By Kurt Wilkin
Martin Luther King, Jr. inspires me. He inspires me because he stood up for what he believed in – against all odds. He inspires me with his humility and with his insistence on a nonviolent approach to activism. He inspires me by his ability to lead and to inspire multiple generations of Americans – both during his lifetime and after his assassination. And he inspires me both for his vision AND for his ability to articulate and vividly illustrate that vision to millions of Americans.
On Monday January 16th we honor him with a national holiday. Few are more deserving of such an honor than Dr. King. He was a staunch believer in the Civil Rights Movement. He stood up for his beliefs – often at great risk to his life and to his reputation. By his bold actions, and by using his God-given preaching talents to lead and to inspire, he motivated hundreds of thousands of others to take action. He showed them new ways – nonviolent ways – to stand up for the Civil Rights movement in America in the 1960s. He helped to change the course of history. Many would argue that he was assassinated for his beliefs and for leading the movement he inspired.
Dr. King painted a vivid picture one summer day in 1968 when he memorably delivered his “I Have a Dream” speech in Washington D.C. In this speech, he painted a picture of an ideal America that was a far cry from the reality that existed on that day – an America that was deeply divided and racially segregated. In the speech, he powerfully anchored his vision to several well-known documents from our nation’s life and history.
“I have a dream…a dream deeply rooted in the American dream.” And that dream sprang from the promise of the Declaration of Independence “…we hold these truths to be self-evident: that all men are created equal.”
He continued describing his vision of the future with language that could only be imagined as fantasy that day in 1968, but has which come closer and closer to becoming real as we near the speech’s 50th anniversary:
“I have a dream that one day on the red hills of Georgia, the sons of former slaves and the sons of former slave owners will be able to sit down together at a table of brotherhood. I have a dream that my four children will one day live in a nation where they will not be judged by the color of their skin but by the content of their character…I have a dream that one day…little black boys and black girls will be able to join hands with little white boys and white girls and walk together as sisters and brothers.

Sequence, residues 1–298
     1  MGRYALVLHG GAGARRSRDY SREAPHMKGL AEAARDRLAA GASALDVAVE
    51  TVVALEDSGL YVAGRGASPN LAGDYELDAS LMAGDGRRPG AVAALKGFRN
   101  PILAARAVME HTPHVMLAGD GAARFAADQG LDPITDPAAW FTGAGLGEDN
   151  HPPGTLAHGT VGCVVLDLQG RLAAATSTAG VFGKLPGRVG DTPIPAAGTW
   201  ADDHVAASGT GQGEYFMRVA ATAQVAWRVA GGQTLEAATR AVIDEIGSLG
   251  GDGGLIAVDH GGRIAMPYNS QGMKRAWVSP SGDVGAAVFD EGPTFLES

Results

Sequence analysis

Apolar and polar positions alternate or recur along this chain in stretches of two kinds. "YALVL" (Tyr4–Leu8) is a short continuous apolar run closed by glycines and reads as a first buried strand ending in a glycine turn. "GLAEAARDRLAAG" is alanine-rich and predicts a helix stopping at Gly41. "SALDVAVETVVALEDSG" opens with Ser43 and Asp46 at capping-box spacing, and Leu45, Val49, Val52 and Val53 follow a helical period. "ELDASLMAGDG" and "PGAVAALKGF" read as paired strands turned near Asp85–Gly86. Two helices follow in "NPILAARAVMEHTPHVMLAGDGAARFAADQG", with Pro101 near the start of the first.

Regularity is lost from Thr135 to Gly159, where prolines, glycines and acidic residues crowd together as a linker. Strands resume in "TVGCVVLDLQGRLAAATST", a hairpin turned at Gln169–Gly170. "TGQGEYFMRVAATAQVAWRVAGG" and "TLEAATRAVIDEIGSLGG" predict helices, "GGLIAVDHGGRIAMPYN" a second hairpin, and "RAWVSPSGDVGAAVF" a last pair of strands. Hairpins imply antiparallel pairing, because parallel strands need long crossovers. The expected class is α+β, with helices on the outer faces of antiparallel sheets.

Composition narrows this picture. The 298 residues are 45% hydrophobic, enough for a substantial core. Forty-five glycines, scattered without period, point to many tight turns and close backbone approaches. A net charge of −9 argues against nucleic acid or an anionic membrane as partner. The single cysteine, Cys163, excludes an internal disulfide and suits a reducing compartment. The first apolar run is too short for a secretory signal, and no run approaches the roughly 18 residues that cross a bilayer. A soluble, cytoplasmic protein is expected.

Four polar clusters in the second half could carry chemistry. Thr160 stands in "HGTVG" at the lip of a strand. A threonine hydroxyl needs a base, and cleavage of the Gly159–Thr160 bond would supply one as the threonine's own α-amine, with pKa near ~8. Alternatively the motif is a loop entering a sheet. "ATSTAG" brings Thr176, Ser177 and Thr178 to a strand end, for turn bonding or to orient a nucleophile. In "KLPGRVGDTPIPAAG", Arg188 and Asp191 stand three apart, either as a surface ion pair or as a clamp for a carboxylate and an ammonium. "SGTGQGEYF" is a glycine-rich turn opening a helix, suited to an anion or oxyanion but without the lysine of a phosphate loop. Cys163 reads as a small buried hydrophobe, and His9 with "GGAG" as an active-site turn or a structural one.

Wow – what a picture! He went on to tie his vision to a bedrock of American patriotism, and to national physical landmarks by quoting the iconic anthem, My Country, Tis of Thee:
“This will be the day when all of God’s children will be able to sing with new meaning, ‘My country, ‘tis of thee, sweet land of liberty, of thee I sing. Land where my fathers died, land of the pilgrim’s pride, from every mountainside, let freedom ring.’
And if America is to be a great nation this must become true. So let freedom ring from the prodigious hilltops of New Hampshire. Let freedom ring from the mighty mountains of New York. Let freedom ring from the heightening Alleghenies of Pennsylvania!
Let freedom ring from the snowcapped Rockies of Colorado! Let freedom ring from the curvaceous peaks of California! Let freedom ring from Stone Mountain of Georgia. Let freedom ring from Lookout Mountain of Tennessee. Let freedom ring from every hill and every molehill of Mississippi. From every mountainside, let freedom ring.”
And finally, Dr. King brought everyone together and urged a united front against tyranny and oppression:
When we let freedom ring, when we let it ring from every village and every hamlet, from every state and every city, we will be able to speed up that day when all of God’s children, black men and white men, Jews and Gentiles, Protestants and Catholics, will be able to join hands and sing, in the words of the old Negro spiritual, ‘Free at last! Free at last! Thank God Almighty, we are free at last!’”
The picture Dr. King painted was poignant and prophetic. His speech was predominantly about the Civil Rights Movement and about equal treatment of blacks. But on that day in our nation’s Capital, almost 25% of the crowd, or 60,000 people in attendance, were white. Dr. King transcended color. His memory continues to inspire us - black and white -almost 50 years after his death. He continues to inspire this white businessman – a man who grew up in South Louisiana, went to college at the University of Arkansas and now calls Austin, Texas home – this white businessman, who has a little bit of redneck, Cajun and hillbilly all rolled up into one!
Thank you Dr. King. Thank you for standing up for what you believe in. Thank you for preaching and living nonviolence. Thank you for inspiring generations of human beings to stand for equality
So, let me make this personal between us. Let me ask: What is your vision for the future? What is your purpose? Is there anything that you would risk dying for? That might sound a bit dramatic. but what do you believe in? What is your vision for the world? For your community? For your business? What is your vision for your family or for yourself? You and I don’t have to be world leaders or elected to office to make a positive impact on our little slice of the world. And it doesn’t take a Herculean effort or an act of Congress to make an impact. Simply shift your mind and do what you think is right. Who knows what ripples may be set in motion by the pebbles of inspiration that you cast.
Those are my thoughts on this anniversary of Martin Luther King, Jr.’s birthday. What are yours?